I recall the great excitement that surrounded the introduction of “Touch of Grey” and “Throwing Stones” on the fall ’82 East Coast tour and the thrill of hearing them for the first time, back to back, at Frost Amphitheatre October 9. The following autumn I fretted about the band’s apparent refusal to give us West Coasters the return breakout of “St. Stephen” we so clearly deserved after they played it in Hartford and at MSG. (Then, when they actually did play it Halloween night ’83 at the Marin Civic it was stiff; a letdown for me). A lot of us in the Bay Area developed a bit of an inferiority complex because it seemed as though the breakouts and revivals always happened away from “home,” from “Dear Mr. Fantasy” to “Revolution” to “Why Don’t We Do It in the Road” to “Help on the Way.” (On the plus side, I did get to witness the first “Hell in a Bucket,” the return of “Walking the Dog,” the first “Keep on Growing” and what remains one of my favorite Grateful Dead memories ever—the first “Gimme Some Lovin’” at BCT, 11/2/84. Hey Jerry, how come you never played “Good Lovin’” > “La Bamba” > “Good Lovin’” for us in California? (We can forgive, but never forget!) I’m mostly kidding, but I certainly recall the anticipation so many of us felt wondering when and if the new gems would pop up in Bay Area shows.
To the Dead’s eternal credit, they kept introducing new originals and covers and reviving old favorites until the end, though with decreasing frequency. Remember how excited we were when “Attics of My Life” reappeared after so many years collecting dust? “New Speedway Boogie”? I remember being intensely affected by my first versions of “Standing on the Moon” and “Days Between”—surprise breakouts I hadn’t even heard whispers of. Even at the last Dead show I ever attended, at Shoreline in June ’95, many of us were “waiting” for “Unbroken Chain” to finally appear in California. (It did, and again I was disappointed. Beware heightened expectations!)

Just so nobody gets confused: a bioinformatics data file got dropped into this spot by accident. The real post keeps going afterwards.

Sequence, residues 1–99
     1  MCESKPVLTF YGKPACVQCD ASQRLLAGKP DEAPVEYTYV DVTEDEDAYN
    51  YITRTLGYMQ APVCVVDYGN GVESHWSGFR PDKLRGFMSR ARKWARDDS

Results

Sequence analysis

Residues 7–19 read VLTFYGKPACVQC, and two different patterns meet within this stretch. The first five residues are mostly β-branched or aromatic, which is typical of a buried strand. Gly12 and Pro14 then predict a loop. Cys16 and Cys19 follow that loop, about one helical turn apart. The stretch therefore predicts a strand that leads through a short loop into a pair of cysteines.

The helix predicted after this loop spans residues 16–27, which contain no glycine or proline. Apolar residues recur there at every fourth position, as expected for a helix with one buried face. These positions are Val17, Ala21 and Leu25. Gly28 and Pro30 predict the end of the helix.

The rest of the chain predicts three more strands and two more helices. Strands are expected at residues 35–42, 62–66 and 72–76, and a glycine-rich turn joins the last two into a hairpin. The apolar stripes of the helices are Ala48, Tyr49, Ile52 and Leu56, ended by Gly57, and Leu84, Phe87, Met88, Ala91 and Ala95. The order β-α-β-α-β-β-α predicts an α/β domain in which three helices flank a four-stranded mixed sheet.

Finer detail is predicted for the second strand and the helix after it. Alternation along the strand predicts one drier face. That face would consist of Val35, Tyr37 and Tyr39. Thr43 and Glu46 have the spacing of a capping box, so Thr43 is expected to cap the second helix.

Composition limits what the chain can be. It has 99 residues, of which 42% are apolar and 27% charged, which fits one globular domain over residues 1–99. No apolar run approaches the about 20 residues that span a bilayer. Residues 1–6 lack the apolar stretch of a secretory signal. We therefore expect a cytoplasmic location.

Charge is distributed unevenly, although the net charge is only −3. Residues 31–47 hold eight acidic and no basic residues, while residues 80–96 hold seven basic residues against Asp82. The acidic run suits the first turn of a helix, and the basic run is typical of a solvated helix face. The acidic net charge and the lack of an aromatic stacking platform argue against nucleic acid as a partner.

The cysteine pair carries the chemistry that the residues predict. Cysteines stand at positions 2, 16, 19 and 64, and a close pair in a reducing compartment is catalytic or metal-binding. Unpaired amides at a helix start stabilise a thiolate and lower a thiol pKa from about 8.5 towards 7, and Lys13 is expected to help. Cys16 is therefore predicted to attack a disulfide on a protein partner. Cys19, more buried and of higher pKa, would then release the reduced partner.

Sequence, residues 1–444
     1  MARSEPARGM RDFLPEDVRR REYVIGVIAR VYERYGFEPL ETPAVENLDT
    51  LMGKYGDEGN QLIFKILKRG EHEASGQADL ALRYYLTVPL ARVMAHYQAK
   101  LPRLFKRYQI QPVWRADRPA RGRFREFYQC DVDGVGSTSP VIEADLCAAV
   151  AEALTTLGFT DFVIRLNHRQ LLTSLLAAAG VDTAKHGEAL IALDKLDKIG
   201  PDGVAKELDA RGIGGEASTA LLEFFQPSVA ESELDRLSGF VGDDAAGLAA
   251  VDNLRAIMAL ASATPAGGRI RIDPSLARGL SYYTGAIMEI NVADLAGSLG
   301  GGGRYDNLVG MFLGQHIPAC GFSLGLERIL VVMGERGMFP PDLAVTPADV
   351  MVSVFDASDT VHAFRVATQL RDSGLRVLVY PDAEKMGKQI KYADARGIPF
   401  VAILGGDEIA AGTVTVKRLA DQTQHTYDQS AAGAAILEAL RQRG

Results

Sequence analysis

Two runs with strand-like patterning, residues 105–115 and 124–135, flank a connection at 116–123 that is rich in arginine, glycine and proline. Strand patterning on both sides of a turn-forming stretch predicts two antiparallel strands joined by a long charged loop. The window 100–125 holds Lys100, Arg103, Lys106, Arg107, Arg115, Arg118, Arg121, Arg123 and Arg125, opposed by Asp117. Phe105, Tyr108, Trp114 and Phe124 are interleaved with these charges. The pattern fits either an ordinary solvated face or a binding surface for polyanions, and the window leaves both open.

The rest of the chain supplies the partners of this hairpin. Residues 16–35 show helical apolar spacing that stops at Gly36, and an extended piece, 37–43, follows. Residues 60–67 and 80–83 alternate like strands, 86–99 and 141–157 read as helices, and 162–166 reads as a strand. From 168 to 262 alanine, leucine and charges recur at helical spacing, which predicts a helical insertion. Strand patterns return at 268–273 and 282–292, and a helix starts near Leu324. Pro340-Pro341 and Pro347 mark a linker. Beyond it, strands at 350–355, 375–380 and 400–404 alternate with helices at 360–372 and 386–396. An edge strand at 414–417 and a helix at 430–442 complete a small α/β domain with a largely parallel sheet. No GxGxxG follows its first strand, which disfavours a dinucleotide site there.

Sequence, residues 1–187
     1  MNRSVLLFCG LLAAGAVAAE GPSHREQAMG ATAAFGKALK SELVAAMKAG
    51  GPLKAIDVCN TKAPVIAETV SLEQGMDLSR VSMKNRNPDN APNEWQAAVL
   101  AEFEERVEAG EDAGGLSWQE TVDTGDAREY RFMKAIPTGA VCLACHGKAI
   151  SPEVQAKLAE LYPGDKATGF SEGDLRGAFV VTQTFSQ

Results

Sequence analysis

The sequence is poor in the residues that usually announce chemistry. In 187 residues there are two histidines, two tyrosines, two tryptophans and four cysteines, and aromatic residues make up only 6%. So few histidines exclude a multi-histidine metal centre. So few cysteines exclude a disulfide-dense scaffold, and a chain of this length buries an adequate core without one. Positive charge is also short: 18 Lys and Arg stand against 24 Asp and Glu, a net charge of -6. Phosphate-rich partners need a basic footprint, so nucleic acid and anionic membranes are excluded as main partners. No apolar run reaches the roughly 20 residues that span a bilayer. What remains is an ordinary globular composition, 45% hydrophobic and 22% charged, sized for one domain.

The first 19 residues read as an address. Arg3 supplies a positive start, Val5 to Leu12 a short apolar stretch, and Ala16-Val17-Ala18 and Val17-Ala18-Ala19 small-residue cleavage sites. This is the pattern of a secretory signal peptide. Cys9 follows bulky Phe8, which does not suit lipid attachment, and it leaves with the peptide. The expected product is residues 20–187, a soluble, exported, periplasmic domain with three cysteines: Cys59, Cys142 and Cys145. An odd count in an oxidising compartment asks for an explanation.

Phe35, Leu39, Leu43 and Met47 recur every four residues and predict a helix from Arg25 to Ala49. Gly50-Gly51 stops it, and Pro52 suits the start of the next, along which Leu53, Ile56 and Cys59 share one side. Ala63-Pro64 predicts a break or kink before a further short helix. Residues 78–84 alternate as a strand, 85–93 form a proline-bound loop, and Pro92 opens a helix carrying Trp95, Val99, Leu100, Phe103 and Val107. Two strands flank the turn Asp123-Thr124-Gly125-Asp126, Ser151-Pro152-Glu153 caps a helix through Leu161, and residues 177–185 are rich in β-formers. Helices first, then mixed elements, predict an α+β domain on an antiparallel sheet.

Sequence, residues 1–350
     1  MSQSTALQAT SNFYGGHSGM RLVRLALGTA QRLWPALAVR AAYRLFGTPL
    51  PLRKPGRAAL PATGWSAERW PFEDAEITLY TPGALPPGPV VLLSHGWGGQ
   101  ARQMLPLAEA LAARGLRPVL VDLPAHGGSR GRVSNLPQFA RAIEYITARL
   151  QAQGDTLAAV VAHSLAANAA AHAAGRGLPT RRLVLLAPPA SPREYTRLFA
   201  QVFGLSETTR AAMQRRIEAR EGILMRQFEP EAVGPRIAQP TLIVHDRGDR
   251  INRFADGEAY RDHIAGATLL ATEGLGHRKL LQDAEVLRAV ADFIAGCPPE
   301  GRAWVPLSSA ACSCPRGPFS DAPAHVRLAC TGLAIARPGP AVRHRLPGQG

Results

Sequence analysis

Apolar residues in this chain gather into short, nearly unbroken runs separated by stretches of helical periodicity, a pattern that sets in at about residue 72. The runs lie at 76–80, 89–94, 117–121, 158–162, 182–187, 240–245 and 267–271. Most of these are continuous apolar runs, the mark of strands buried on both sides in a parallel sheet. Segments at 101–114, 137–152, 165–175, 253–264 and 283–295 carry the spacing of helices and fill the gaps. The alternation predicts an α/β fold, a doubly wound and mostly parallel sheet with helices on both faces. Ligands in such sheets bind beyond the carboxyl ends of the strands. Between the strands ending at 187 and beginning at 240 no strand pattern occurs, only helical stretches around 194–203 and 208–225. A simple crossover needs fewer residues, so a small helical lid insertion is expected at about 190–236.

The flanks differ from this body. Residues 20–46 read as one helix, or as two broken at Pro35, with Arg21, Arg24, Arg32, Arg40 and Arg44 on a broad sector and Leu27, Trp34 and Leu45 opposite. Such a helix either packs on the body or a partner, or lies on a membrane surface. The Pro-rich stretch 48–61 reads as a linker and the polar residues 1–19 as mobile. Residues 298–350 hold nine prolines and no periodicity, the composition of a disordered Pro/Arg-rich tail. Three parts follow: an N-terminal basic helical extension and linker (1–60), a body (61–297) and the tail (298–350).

The whole post-Garcia era has been so wild, freewheeling and unpredictable that breakouts and revivals don’t have quite the mystique they did during the Dead’s time. That’s not to say it wasn’t totally awesome to hear “The Eleven”—ignored by the Dead for decades—retooled by The Other Ones, or Phil & Friends with Trey playing Pink Floyd’s “Wish You Were Here,” or Furthur doing “Blues for Allah” at Calaveras last spring. Indeed, it’s the sheer variety of the ever-expanding repertoires and the sense that any song could pop up at any time that have helped make this such an exciting time to be going to Dead Family shows. New songs, new covers, old chestnuts cooking again—bring ’em on! I want to hear them all. We’ll have plenty of time to complain about (some of) them later!
What have been some of your pleasant surprises at shows, either in the Grateful Dead era or post-GD? Are you diggin’ Furthur’s recent breakouts?
(For the record, here are Furthur’s spring tour breakouts/revivals: “Fool In The Rain” (Led Zep), “Mexicali Blues,” “The Last Time,” “The Mighty Quinn,” “Chest Fever” (The Band), “Fever” (Peggy Lee; sung by Diana Krall), “Alice D. Millionaire,” “Iko-Iko,” “Might As Well,” “Train in Vain” (The Clash), “Blue Sky” (Allmans; sung by Warren Haynes), “Road Runner” (Jr. Walker; sung by Warren Haynes), “Supplication,” “Eclipse” (Pink Floyd), "To Lay Me Down," “All Along the Watchtower,” and all of Abbey Road (though “Come Together” was not a breakout): “Something,” “Maxwell’s Silver Hammer,” “Oh! Darling,” “Octopus’s Garden,” “I Want You (She’s So Heavy),” “Here Comes the Sun,” “Because,” “You Never Me Your Money,” “Sun King,” “Mean Mr. Mustard,” “Polythene Pam,” “She Came in Through the Bathroom Window,” “Golden Slumbers,” “Carry That Weight,” “The End,” “Her Majesty.”)
First and only time they covered Miles Davis' "So What"! Really more of a small jam at the start of the second set than a full blown cover. Still a huge thrill for a long time Miles fan and trumpet player like me!